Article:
Railway Lane in Camden is found on the 1939 Lands Department map between Thomas and Gowrie Streets.

 

Randle Street was formed as part of the Pines Estate subdivision of 1887. William Randle was born in 1826 the son of one of the builders of England’s Great Eastern Railway. He arrived in Sydney on 9 July 1852 with his brother-in-law James Wallace who had the job as engineer-in-chief to the semi-private Sydney Railway Company. On 5 August 1852 because of his ‘demonstrated competence and personally winning ways’ he was given the contract to build the railway from Sydney to the village of Ashfield. He ran a series of brickyards along the route to Parramatta. He imported English locomotives and 500 ‘navvies’ in 1853 to supplement the labour force and was given an advance of £1500 to house them. There is an unsourced anecdote that prominent landowner Felix Wilson took offence that Randle’s navvies were hacking up trees in his garden; the ‘personally winning’ young man married Felix Wilson’s 20 year old daughter Ann Elizabeth in 1854. The brickyard and housing for Newtown was presumably on Enmore Road near Station Street. There was also a ‘portable public house’ known as ‘The Russell Arms’. The Sydney Railway Company was progressively brought under government control from 1853 to 2 June 1855 when the railway opened. On 28th August 1855 Randle was given the contract to manage and operate the line for 12 months for 55% of the gross earnings. On 20 November 1856 he commenced construction of the rail extension to Liverpool. He sold much of the Newtown land used in construction on 4th May 1857 in 26 allotments, keeping lots for nine 33-foot wide cottages for himself on the main road between Station and Wilford Streets. This was known as Randle’s and Randell’s terrace until the 1860-1880s. Afterwards he was involved with building the magnificent Long Cove Viaduct, Fort Denison, and some Victorian rail lines but it seems he was insolvent by 1863. William and Ann Elizabeth had children Thomas and Esther. It seems he acted on behalf of the Wilson family up until the selling of their estate in the 1880s. A Mr. N. or W. Randle corresponded with Council in 1866 respecting the state of Forbes Street. He died in England in 17 November 1884.

 

Raper Street in O’Connell was built on what was known as Raper’s Paddock, Cattleyard and Dairy. It was given to Council by Thomas Chalder in 1878 and was named for landowner Edward Raper JP MLA who lived in Prospect Street at the time. The land around here was associated with the Church of England; Rev Canon Robert Taylor (1834-1907) lived in ‘Raper House’ (which Bruce Baskerville says was at 50-74 Egan Street) and the former Diocesan Architect Edmund Blacket who designed St. Stephens built the rather plain terrace of six houses on the eastern side around 1877 for John Wilson.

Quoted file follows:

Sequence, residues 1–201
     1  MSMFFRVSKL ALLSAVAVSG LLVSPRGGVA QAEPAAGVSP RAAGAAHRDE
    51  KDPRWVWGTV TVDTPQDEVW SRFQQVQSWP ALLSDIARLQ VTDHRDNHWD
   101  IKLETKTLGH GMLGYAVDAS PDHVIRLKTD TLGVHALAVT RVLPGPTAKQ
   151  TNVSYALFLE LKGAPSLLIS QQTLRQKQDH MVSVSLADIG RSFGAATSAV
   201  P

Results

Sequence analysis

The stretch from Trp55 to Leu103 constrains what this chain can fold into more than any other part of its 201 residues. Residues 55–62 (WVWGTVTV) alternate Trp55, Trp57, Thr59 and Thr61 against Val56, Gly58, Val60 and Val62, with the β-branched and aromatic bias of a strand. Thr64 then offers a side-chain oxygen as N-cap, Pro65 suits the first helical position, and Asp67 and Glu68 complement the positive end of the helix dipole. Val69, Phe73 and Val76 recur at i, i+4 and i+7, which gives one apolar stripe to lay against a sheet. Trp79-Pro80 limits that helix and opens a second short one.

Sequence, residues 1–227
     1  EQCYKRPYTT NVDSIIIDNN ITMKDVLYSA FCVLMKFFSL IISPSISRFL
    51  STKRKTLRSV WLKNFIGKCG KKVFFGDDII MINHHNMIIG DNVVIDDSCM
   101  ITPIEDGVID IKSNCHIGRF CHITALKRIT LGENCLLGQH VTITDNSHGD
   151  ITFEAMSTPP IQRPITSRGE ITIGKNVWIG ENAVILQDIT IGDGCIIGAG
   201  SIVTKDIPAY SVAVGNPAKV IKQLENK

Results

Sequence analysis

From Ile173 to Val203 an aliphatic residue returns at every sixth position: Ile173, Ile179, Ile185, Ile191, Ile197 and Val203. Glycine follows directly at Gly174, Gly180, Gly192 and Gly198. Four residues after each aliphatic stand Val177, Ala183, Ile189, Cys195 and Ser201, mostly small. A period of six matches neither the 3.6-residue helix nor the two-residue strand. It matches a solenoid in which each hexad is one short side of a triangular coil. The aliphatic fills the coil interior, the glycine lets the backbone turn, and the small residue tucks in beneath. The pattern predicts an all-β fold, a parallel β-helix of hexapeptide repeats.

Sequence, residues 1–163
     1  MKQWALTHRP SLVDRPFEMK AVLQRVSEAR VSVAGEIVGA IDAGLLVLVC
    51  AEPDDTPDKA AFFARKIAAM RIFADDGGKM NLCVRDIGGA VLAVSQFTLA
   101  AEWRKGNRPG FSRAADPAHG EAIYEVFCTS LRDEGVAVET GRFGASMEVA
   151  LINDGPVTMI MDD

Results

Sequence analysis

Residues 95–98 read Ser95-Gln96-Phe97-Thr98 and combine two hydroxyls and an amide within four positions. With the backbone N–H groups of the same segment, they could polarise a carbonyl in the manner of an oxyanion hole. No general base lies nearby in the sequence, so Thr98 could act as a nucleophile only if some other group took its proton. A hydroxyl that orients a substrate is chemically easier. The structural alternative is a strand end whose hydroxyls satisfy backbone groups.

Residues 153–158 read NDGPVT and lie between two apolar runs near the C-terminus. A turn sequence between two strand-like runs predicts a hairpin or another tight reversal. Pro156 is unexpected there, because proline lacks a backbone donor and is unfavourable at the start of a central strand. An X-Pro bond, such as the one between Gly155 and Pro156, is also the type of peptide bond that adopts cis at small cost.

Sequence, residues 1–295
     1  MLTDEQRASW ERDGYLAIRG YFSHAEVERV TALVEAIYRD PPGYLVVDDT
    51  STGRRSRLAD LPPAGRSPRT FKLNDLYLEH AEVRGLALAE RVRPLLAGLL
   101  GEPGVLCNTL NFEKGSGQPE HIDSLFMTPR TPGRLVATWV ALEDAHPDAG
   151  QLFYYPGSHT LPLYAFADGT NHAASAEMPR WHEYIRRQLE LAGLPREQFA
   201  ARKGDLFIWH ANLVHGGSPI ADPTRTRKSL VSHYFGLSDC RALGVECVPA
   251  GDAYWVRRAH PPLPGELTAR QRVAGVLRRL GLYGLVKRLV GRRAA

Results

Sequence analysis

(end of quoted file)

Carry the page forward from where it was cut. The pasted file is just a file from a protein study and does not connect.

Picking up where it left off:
Rawson Street in Enmore was formed in 1881 with the name Keig Street; Sir Harry Holdsworth Rawson was N. S. W. Governor 1902-09 (and opened the Dispensary Hall two blocks away) while Sir Dudley Rawson Stratford de Chair was Governor from 1924 to 1930.

 

Redwin Street appears on the 1939 Lands Department map but its location in O’Connell cannot be found; there was a John Redwin living in Union Street in the 1870s.

 

Reiby Lane is first mentioned on 22 December 1885; merchant Mary Reibey (1777-1855) purchased the Pencilville Estate for her retirement in 1842 and built Stanmore House for her daughters in 1847-49.

 

Regent Street in Kingston Ward was formed prior to 1858 and renamed Probert Street sometime after 1939.

 

Regent Lane still remains in Kingston Ward; see Regent Street.

 

Richard Street in O’Connell Ward was formed prior to 1863 but was removed in the remodelling of the grounds of the Teachers College in the 1970s.

 

Roberts Street in Kingston Ward may refer to John Charles Roberts, a solicitor in Cooks River Road in the 1850s, Charles Roberts, Sydney’s Mayor in 1879 or to Henry Robert, (Lord Hampden) N.S.W. Governor 1895-99.

 

Robey Street ran south of Wilson Street and was first mentioned in 1876, it was later referred to as the ‘continuation of Brown Street’ and renamed as Brown Street in 1885. Ralph Mayer Robey MP (1809-1864) arrived in the colony in 1841 and was a businessman, pastoralist and owner of ‘Linthorpe’ which Christopher Rolleston subdivided. He was also director of the Australian Joint Stock Bank, a part-owner and manager of the Colonial Sugar Refining Company, and a major shareholder in the Sydney Railway Co and the Bank of N. S. W.

 

Rochford Street in Erskineville is not mentioned prior to 1880; Bernard Rochford is said to have acquired Burren Farm under false pretences from his dieing [sic] employer Nicholas Divine and was the defendant in an 1852 claim, which caused the long-running Ejectment Case. (See Page 86 in the Diamond Jubilee Book for an interesting episode concerning a Mr. Cochrane and the Ejectment Case.)

 

Rose Street in O’Connell appears on an 1845 map surrounding the first St Stephen’s Church and was gravelled in 1864.

 

Rosewarne Terrace in Enmore was part of the subdivision of the same name, mentioned in April 1883 and named for Reverend William Rosewarne, a missionary who went to Fiji.

 

Rumpf Lane in O’Connell was named after 1880. Annie Rumpf arrived prior to 1880, owned the Mount Eagle Iron Works and was a keen supporter of Free Trade/Liberal Party in the 1900s.